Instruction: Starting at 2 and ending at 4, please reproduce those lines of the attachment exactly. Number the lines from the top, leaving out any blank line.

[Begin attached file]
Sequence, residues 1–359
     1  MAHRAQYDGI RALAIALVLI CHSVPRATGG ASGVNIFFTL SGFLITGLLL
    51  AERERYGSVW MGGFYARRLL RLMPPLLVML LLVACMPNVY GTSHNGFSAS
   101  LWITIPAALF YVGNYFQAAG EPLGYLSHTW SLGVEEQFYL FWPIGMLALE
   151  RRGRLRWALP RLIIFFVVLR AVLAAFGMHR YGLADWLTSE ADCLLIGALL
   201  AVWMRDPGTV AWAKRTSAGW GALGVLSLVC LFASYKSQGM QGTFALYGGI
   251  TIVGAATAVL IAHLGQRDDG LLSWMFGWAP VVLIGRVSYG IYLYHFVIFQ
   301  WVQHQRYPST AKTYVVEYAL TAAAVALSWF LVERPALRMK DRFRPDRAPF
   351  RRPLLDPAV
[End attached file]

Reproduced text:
     1  MAHRAQYDGI RALAIALVLI CHSVPRATGG ASGVNIFFTL SGFLITGLLL
    51  AERERYGSVW MGGFYARRLL RLMPPLLVML LLVACMPNVY GTSHNGFSAS
   101  LWITIPAALF YVGNYFQAAG EPLGYLSHTW SLGVEEQFYL FWPIGMLALE